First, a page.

Speak with an Agent1-800-920-4994

A HealthNetwork Partner

Obama Rules, Budget Woes Spur Medicaid Benefit Cuts

A Picture of Abby Coleman Abby Coleman



Critics who worried ObamaCare would lead to rationing may be seeing their fears realized sooner than they expected. Recently, Washington state changed its Medicaid program so that recipients may only go to the emergency room three times per year for “nonemergency” conditions.

The initiative is expected to save about $72 million over two years. Yet the conditions that are considered nonemergent under the program include chest pains, asthma and abdominal pains.

“Many of the people who exceed the three-visit limit are people with chronic conditions or generalized complaints who are going much more often to the emergency room and are clearly aware that it is not an emergency,” said Jim Stevenson, communications director for the Health Care Authority, which oversees Medicaid in Washington. “The hope is to move them into primary care.”

State Medicaid recipients can still go to the ER after three visits, but could be charged if it’s nonemergent.

Dr. Nathan Schlicher, spokesman for the American College of Emergency Physicians, worries that “patients who have hit the three-visit limit could be discouraged from going to the emergency room when they have something serious. We’re talking about some pretty serious medical conditions.”

ACEP has filed a lawsuit to block the three-visit limit.

But the simple fact is that Medicaid is an ever-growing share of state budgets. With budgets strained, governments have sought ways to reduce expenses.

Earlier this year, Washington reduced the rates that Medicaid pays to providers. Thirteen other states have also cut rates: Arizona, Colorado, Connecticut, Florida, Nebraska, New Hampshire, New York, North Carolina, Oregon, South Carolina, South Dakota, Texas and Virginia.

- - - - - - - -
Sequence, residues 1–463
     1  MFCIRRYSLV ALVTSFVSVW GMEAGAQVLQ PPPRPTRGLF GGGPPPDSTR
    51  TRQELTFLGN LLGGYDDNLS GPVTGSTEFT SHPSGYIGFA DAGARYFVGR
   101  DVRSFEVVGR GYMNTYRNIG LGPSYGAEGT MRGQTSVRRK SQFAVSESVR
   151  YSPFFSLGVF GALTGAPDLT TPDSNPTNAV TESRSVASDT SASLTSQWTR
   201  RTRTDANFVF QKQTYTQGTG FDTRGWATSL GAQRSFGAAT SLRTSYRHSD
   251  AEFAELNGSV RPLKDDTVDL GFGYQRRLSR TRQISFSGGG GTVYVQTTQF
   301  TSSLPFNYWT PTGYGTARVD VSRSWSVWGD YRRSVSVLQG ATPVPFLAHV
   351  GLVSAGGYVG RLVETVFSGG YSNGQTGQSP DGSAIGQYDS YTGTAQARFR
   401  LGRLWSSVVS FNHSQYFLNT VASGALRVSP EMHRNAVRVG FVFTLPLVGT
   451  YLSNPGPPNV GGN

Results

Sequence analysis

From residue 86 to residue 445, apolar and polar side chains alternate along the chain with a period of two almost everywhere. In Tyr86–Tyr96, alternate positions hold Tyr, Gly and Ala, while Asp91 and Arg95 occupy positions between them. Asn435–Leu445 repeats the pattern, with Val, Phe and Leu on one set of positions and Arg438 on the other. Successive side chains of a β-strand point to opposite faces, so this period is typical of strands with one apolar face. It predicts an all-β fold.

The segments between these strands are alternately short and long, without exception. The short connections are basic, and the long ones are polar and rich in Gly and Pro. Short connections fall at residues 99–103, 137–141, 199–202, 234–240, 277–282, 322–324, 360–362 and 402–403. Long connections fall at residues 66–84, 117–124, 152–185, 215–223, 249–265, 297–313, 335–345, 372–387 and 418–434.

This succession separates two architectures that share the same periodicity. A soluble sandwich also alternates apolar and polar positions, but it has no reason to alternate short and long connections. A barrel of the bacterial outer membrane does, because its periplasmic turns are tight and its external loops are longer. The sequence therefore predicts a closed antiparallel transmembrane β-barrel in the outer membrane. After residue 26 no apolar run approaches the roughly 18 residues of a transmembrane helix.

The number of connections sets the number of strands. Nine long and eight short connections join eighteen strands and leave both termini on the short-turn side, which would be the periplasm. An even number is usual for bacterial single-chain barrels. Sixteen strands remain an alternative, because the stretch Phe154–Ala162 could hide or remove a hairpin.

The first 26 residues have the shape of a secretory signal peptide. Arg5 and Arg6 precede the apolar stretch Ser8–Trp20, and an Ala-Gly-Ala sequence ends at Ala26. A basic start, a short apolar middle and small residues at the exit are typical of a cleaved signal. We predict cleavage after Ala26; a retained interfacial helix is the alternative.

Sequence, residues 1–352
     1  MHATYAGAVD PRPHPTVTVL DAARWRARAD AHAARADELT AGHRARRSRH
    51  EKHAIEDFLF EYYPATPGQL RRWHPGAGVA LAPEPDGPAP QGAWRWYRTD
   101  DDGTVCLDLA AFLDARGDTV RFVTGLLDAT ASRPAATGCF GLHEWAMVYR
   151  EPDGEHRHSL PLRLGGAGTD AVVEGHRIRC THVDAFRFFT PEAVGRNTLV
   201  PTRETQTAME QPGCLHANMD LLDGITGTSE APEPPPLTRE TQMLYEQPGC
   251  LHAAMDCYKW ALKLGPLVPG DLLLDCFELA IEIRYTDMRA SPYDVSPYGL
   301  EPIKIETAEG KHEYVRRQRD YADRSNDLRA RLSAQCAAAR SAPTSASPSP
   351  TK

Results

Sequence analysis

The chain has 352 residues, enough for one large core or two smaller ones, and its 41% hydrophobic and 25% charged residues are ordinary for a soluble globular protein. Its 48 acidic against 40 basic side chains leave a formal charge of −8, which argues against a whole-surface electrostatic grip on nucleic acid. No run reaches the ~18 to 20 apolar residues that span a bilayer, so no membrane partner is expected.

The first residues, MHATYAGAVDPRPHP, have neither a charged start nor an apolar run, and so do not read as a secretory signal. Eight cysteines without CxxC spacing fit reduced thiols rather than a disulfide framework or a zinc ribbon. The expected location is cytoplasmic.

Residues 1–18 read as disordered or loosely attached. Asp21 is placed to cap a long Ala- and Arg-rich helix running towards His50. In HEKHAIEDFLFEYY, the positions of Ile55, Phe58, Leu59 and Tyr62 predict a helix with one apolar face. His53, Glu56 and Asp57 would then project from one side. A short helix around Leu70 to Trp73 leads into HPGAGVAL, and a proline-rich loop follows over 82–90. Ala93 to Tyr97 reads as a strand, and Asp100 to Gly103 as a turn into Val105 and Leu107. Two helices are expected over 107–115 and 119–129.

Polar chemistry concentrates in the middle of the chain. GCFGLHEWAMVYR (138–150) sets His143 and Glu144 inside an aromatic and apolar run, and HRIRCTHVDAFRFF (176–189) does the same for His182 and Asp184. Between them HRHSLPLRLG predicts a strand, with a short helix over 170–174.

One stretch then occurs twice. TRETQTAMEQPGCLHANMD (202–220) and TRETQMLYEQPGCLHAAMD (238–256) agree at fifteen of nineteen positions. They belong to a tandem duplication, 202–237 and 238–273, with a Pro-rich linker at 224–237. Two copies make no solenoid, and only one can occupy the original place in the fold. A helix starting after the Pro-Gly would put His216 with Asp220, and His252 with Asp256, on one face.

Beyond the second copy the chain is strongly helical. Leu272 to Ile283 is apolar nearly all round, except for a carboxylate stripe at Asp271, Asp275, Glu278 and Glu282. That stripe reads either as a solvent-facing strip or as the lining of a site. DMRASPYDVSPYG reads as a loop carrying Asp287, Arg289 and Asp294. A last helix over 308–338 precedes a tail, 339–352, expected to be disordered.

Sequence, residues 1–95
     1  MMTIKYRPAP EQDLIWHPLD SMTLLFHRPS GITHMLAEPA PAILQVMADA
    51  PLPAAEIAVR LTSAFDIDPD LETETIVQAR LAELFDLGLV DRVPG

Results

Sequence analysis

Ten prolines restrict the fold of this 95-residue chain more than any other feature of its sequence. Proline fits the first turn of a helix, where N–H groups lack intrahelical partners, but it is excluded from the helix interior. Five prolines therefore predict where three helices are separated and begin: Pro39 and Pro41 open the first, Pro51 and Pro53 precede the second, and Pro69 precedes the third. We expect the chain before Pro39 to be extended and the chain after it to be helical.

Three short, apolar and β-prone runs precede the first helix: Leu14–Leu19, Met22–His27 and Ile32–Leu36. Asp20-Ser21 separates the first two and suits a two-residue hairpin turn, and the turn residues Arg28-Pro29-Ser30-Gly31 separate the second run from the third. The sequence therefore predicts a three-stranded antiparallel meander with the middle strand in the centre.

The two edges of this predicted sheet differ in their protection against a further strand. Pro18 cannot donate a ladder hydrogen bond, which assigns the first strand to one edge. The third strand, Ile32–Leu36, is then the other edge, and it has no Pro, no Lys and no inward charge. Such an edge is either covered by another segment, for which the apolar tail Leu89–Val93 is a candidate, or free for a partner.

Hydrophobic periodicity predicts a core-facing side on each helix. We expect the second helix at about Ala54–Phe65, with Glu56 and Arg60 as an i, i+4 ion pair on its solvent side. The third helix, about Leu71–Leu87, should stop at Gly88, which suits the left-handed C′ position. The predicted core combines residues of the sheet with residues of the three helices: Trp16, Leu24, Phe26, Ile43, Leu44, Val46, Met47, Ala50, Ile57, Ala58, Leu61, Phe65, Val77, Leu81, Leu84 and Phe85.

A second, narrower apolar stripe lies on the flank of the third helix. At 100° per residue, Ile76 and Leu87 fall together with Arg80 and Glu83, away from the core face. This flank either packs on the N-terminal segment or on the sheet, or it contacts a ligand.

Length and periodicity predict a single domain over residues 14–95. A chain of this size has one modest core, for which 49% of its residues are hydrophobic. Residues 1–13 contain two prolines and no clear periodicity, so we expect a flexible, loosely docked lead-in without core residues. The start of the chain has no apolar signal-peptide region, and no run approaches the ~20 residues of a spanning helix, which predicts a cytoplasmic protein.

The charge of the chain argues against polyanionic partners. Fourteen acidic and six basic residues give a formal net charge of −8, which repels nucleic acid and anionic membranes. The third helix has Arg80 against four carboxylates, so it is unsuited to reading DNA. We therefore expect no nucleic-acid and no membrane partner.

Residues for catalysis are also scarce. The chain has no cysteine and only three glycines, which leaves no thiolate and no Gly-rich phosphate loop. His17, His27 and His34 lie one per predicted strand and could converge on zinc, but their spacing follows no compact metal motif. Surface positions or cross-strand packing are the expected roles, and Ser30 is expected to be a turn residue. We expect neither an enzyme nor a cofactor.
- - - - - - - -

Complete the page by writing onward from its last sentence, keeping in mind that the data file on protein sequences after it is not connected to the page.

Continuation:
California cut rates 10%, but that’s been suspended pending a legal challenge. The Golden State also limited Medicaid recipients to seven doctors visits per year.

Late last year Arizona stopped letting Medicaid pay for certain transplant surgeries.

Expect more rationing to sicker patients because doing so poses few risks to politicians, one analyst suggests.

“When health care systems are politically controlled, politicians direct resources away from the seriously ill who need expensive advanced medical care, to the healthy voter,” said Linda Gorman, a senior fellow at the conservative Independence Institute. “Relatively few voters need advanced care, so catering to the healthy makes political sense.”

Since 2009, states have faced new rules that prevent them from reducing their Medicaid eligibility standards. The 2009 stimulus provided short-term cash to shore up Medicaid, but states had to agree to never cut their eligibility levels or risk losing the federal funding. And when ObamaCare fully kicks in, states will have to expand Medicaid to 133% of the federal poverty level.

Also, the congressional deficit “supercommittee” may be looking at ways to cut Medicaid.

So states can’t lower eligibility rates and many have cut already-low Medicaid reimbursements. As a result, they increasingly are turning to slashing benefits.

Washington state says it doesn’t want Medicaid patients to feel they can’t get emergency care.

“If Medicaid clients feel they are having an emergency, they should go to the ER,” said Stevenson, adding, “If a patient has a nonemergent condition but the ER physician feels there was a strong reason for it to be an exception to the rule, there is a process in place so it can be challenged.”

Schlicher replied, “There is very limited criterion under which physicians can do that. There is no check box that says, ‘I think this was this was a reasonable emergency.'”

Health Network Group
301 Clematis Street
Suite 3000
West Palm Beach, FL 33401
This website is privately owned and all information and advertisements are independent and are not associated with any state exchange or the federal marketplace. Additionally, this website is not associated with, sanctioned by or managed by the federal government, the Centers for Medicare & Medicaid or the Department of Health and Human Services.